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How Do You Know If You Have Brugada Syndrome?

Reviewed on 5/19/2020

What Is Brugada Syndrome?

Brugada Syndrome
What is a diagnosis of Brugada syndrome?

Brugada syndrome is a rare and sometimes fatal heart rhythm disorder. Brugada syndrome causes irregular heartbeats in the heart's lower chambers (ventricles), called ventricular arrhythmia. If left untreated, the irregular heartbeats can cause serious complications and even death. Because complications usually occur when a person is at rest or asleep it is considered a type of sudden unexplained nocturnal death syndrome (SUNDS).

What Are Symptoms of Brugada Syndrome?

Some patients with Brugada syndrome may be asymptomatic, but a routine electrocardiogram (ECG) will show the ventricular arrhythmia and changes in the normal electrical waves on an ECG, specifically ST-segment elevation in leads V1-V3.

Symptoms of Brugada syndrome include:

What Causes Brugada Syndrome?

Brugada syndrome is typically a genetic disorder that is passed on in families. Mutations in certain genes result in abnormal heart rhythms.

The SCN5A is a gene responsible for providing instructions for the cardiac sodium channel, which serves to transport positively charged sodium atoms (ions) into heart muscle cells. In about 30% of cases, this gene is damaged (mutated). Other genetic mutations that cause disruption in the proper flow of ions through sodium, calcium, and potassium channels in the heart muscle can also impair the heart's normal rhythm.

In some cases, Brugada syndrome may be acquired and the cause is unknown. Some known causes that are not due to genetic defects may include:

How is Brugada Syndrome Diagnosed?

Brugada syndrome is usually diagnosed by identifying certain abnormal heart rhythm patterns on an electrocardiogram (ECG or EKG). During an ECG, electrodes are attached to the chest that measures electrical signals from the heart. 

Genetic testing for a mutation in the SCN5A gene may be done. Often this is performed on family members of patients with Brugada syndrome to see if they have the mutation, or it may be done post-mortem in a person who has died suddenly.

Blood tests may be ordered to help diagnose Brugada syndrome including:

  • potassium and calcium levels
  • CK-MB and troponin levels

Imaging tests that may be used to help diagnose Brugada syndrome include:

What is the Treatment for Brugada Syndrome?

In patients with no symptoms, only lifestyle changes that can help prevent a sudden cardiac arrest may be recommended, such as:

  • Avoiding certain drugs that can increase the risk of an irregular heartbeat
  • Avoiding alcohol
  • Treating fevers promptly (fever can be a trigger for arrhythmias)
  • Avoiding activities that cause elevated heart rate, such as competitive sports

In patients who are symptomatic, an automatic implantable cardiac defibrillator (ICD) may be implanted to prevent ventricular tachycardia and fibrillation and sudden death. This is a device implanted under the skin that monitors heartbeats and if the heart starts to beat abnormally, it administers a small electric shock to jolt the heart back to a normal rhythm.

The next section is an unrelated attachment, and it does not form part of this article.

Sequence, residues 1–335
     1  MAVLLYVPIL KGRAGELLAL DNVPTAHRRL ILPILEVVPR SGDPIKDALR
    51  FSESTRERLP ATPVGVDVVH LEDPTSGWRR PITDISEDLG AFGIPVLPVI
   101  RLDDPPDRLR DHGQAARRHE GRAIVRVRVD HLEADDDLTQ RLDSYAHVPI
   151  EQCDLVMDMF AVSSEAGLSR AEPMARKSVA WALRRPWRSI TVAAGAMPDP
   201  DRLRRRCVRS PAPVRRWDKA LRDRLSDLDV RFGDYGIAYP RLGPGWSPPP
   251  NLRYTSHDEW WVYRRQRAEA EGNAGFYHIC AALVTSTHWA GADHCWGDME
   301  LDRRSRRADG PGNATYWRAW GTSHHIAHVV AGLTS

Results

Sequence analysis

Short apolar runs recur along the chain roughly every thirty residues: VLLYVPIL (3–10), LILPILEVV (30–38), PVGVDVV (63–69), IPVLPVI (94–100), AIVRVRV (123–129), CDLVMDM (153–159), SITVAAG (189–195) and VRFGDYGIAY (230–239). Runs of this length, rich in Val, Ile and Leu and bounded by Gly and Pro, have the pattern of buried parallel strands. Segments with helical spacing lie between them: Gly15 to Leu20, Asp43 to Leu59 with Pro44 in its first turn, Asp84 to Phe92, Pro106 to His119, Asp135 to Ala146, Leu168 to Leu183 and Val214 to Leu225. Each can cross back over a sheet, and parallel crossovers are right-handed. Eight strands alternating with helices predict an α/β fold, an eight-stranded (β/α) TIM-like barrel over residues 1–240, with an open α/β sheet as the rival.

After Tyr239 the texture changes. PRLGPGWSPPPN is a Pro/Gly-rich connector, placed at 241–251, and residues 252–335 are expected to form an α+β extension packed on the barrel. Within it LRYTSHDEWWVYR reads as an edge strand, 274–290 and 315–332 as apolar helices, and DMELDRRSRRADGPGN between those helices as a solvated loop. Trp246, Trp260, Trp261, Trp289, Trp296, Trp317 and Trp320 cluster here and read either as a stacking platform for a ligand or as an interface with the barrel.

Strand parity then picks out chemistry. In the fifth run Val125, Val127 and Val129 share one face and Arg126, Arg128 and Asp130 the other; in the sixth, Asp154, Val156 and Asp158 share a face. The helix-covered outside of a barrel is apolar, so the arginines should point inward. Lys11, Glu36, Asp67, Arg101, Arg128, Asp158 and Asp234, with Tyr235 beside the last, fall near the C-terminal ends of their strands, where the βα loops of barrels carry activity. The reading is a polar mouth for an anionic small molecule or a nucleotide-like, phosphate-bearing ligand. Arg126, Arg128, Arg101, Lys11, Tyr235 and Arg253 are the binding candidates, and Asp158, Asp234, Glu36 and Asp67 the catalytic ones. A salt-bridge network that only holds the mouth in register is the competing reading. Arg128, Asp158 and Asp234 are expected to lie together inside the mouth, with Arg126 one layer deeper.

Drug therapy for Brugada syndrome includes antiarrhythmic medications such as quinidine and amiodarone (Nexterone, Pacerone).

Radiofrequency catheter ablation for Brugada syndrome is a newer treatment that shows promise. 

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What Are Complications of Brugada Syndrome?

If Brugada syndrome is untreated, the irregular heartbeats can cause fainting (syncope), seizures, and difficulty breathing, often when an affected person is resting or asleep. Sudden death is the most serious complication of Brugada syndrome. It usually happens unexpectedly, while a person is sleeping. 

Complications of the use of an implantable cardiac defibrillator (ICD) may include:

What Is the Life Expectancy for Brugada Syndrome?

Life expectancy for Brugada syndrome depends on early diagnosis and treatment. Brugada syndrome may be a major cause of sudden cardiac death in men under 40. People with Brugada syndrome on average die between the ages of 26 to 56 years, with an average age of 40 years. If treated appropriately, patients can have a normal lifespan.

It is thought that Brugada syndrome may explain some cases of sudden infant death syndrome (SIDS), a major cause of death in babies younger than 1 year that is characterized by sudden and unexplained death, usually during sleep.

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Reviewed on 5/19/2020
References
Ref: http://emedicine.medscape.com/article/163751-overview
https://www.uptodate.com/contents/brugada-syndrome-prognosis-management-and- approach-to- screening?search=Brugada%20syndrome%20symptoms&source=search_result&selectedTitle=2 ~68&usage_type=default&display_rank=2#H1973706097
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